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The Gathering Paperback – September 10, 2007

3.0 out of 5 stars 274 customer reviews

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Editorial Reviews

Amazon.com Review

Amazon Significant Seven, November 2007: Pretty early on in The Gathering you realize that in her lingering portrait of the Hegarty clan (and this isn't hyperbole--they are a family of 12), Irish novelist Anne Enright will wrestle with all the giant literary tropes that have come before her. Family, of course, is the big one, but with equal intensity she explores death and dying, the sea and its siren song, sex, shame, secrecy, unreliable memories, madness, "the drink," and--always in the shadows--England. That said, it's not like any other novel about the Irish that I've read. The story of the Hegartys is indeed bleak, and hard, but it surges with tenderness and eloquent thought which, in the end, are the very things that help this family (or at least her narrator Veronica) survive. Through her eyes, and in Enright's skillful imagination, those small turning-point moments of life that we all know in some form or another--a petty fight, a careless word, an event witnessed--come together in an unshakeable vision of how you become the person you are. --Anne Bartholomew

From Publishers Weekly

In the taut latest from Enright (What Are You Like?), middle-aged Veronica Hegarty, the middle child in an Irish-Catholic family of nine, traces the aftermath of a tragedy that has claimed the life of rebellious elder brother Liam. As Veronica travels to London to bring Liam's body back to Dublin, her deep-seated resentment toward her overly passive mother and her dissatisfaction with her husband and children come to the fore. Tempers flare as the family assembles for Liam's wake, and a secret Veronica has concealed since childhood comes to light. Enright skillfully avoids sentimentality as she explores Veronica's past and her complicated relationship with Liam. She also bracingly imagines the life of Veronica's strong-willed grandmother, Ada. A melancholic love and rage bubbles just beneath the surface of this Dublin clan, and Enright explores it unflinchingly. (Sept.)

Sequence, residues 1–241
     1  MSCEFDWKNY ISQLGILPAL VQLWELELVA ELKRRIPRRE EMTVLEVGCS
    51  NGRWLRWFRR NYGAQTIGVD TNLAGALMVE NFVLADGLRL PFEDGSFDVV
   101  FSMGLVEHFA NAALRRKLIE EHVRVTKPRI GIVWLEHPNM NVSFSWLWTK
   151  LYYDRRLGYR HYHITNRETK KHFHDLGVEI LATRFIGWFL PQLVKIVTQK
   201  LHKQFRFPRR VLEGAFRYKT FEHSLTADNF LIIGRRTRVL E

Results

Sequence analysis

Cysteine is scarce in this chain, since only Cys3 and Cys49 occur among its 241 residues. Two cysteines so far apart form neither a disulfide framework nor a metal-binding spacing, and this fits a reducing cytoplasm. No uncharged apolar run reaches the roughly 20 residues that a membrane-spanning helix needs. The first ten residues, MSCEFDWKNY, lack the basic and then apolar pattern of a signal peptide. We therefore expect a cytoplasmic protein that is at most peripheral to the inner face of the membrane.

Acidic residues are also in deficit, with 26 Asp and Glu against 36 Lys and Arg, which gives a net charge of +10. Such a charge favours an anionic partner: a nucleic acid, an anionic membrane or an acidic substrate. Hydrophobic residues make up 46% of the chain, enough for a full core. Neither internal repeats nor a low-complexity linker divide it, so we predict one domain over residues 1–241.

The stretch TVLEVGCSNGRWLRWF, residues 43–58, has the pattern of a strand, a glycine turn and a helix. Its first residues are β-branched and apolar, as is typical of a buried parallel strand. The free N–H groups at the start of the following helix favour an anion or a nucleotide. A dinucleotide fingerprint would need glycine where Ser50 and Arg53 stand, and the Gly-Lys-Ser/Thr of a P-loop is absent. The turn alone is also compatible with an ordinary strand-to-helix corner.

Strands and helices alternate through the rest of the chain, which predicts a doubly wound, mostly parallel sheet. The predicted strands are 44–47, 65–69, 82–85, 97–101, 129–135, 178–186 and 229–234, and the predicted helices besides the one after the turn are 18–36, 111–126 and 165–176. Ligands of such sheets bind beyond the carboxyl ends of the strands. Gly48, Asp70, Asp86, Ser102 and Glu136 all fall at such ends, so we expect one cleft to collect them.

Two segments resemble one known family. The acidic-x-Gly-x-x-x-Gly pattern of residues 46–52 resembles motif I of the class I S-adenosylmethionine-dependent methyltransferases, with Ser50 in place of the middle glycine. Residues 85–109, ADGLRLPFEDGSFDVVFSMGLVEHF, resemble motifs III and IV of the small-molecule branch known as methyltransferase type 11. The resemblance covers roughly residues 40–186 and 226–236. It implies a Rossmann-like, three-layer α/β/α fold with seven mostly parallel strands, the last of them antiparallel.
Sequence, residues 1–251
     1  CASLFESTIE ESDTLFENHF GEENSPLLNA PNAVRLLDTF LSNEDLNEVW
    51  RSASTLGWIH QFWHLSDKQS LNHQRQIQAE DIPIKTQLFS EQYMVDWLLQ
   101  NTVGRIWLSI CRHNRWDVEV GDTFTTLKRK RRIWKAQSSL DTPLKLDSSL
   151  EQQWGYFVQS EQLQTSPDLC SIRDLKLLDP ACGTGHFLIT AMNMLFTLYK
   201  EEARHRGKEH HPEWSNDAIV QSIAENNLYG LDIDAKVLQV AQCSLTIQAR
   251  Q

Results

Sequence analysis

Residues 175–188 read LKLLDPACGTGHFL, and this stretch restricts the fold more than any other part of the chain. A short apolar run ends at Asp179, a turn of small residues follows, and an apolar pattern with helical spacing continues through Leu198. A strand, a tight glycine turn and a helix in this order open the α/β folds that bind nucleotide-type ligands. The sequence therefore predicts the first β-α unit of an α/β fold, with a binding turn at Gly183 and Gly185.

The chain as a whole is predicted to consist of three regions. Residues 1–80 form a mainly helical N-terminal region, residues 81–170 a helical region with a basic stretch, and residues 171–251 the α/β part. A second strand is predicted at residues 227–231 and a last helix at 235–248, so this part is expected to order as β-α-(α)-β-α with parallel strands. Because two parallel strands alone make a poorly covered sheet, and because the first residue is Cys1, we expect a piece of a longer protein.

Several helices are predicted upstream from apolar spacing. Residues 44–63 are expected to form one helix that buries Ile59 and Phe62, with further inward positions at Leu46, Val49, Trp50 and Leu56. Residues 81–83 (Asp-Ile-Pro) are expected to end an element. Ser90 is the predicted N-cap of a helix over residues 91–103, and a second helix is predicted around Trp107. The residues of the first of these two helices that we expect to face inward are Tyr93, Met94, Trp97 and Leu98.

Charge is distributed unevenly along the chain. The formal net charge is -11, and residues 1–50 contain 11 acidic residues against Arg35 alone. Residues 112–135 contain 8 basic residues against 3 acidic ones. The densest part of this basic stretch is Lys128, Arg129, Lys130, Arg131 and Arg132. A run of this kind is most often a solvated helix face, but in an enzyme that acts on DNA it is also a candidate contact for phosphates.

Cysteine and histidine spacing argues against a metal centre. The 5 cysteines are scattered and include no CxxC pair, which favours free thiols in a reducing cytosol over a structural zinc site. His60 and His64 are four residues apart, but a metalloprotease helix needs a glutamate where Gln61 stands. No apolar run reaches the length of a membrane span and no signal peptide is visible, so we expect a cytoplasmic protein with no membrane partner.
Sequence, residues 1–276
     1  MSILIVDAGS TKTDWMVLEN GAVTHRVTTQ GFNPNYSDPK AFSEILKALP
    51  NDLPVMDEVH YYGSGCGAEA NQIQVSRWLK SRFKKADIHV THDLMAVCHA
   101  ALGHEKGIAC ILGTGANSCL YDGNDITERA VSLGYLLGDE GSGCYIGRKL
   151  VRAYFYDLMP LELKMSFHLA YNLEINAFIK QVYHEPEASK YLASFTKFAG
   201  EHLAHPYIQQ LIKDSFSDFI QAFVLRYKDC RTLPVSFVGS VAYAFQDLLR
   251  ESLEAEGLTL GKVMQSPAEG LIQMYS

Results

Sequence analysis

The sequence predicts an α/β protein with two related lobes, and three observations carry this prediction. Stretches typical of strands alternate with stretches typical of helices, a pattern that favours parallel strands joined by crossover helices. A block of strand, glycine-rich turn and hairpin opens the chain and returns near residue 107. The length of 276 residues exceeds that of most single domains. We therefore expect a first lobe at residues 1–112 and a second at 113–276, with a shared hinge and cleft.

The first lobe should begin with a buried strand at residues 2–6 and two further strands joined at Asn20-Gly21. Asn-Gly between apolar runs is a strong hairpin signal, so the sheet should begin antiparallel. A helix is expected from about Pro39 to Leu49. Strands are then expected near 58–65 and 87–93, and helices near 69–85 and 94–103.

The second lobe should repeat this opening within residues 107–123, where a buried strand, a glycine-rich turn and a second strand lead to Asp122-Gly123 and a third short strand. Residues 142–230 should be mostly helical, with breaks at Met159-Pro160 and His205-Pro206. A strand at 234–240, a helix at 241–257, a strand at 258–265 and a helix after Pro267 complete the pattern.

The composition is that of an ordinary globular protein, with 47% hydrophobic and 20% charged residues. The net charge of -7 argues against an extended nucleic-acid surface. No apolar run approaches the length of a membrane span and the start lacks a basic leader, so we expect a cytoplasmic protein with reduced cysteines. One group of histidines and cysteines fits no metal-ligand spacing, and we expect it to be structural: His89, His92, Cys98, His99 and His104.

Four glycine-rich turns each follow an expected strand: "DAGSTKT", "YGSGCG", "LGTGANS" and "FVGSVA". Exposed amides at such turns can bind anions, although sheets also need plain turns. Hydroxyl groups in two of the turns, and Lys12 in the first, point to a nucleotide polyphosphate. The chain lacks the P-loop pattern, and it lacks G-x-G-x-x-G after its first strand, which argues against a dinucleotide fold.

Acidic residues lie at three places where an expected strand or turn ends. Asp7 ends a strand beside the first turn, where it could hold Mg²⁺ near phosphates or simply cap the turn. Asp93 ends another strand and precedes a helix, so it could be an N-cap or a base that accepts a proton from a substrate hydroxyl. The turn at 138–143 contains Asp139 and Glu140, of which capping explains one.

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Product Details

  • Paperback: 260 pages
  • Publisher: Black Cat; Later Printing edition (September 10, 2007)
  • Language: English
  • ISBN-10: 0802170390
  • ISBN-13: 978-1615553372
  • Product Dimensions: 0.8 x 5.2 x 8 inches
  • Shipping Weight: 11.2 ounces (View shipping rates and policies)
  • Average Customer Review: 3.0 out of 5 stars  See all reviews (274 customer reviews)
  • Amazon Best Sellers Rank: #49,023 in Books (See Top 100 in Books)

Customer Reviews

Top Customer Reviews

By hydrophilic on February 23, 2008
Format: Paperback Verified Purchase
The Booker prize is a strange beast. The books that make it to the short list are usually excellent, yet somehow the worst of those always gets chosen.

I expected to loveloveLOVE this book. I adore books about multi-generational family dysfunction, and I'm a total sucker for evocative locales. This book covers a large Irish family from the 1920s to the current day. The plot is driven by funeral arrangements for the family's black sheep, who has committed suicide. The writing is lovely. It is almost impossible for me to dislike a book that contains so many fascinating elements. Sadly, however, "The Gathering" is that book.

This is not to say the it's a total loss. What Enright can do, she does well. For instance, she perfectly captures the strange and malleable thing that is childhood memory. I found myself nodding along as the main character, Veronica, describes her grandparent's house and various members of the extended family through eight-year-old eyes. Enright clearly wants to convey the uncertainty of memory and she succeeds. Veronica vividly remembers events that may or may not have occurred, or perhaps involved her siblings rather than herself. Additionally, her prose is beautiful. You'll be struck more than once by a sentence that's horrible, gorgeous, brilliant, and despairing all at once.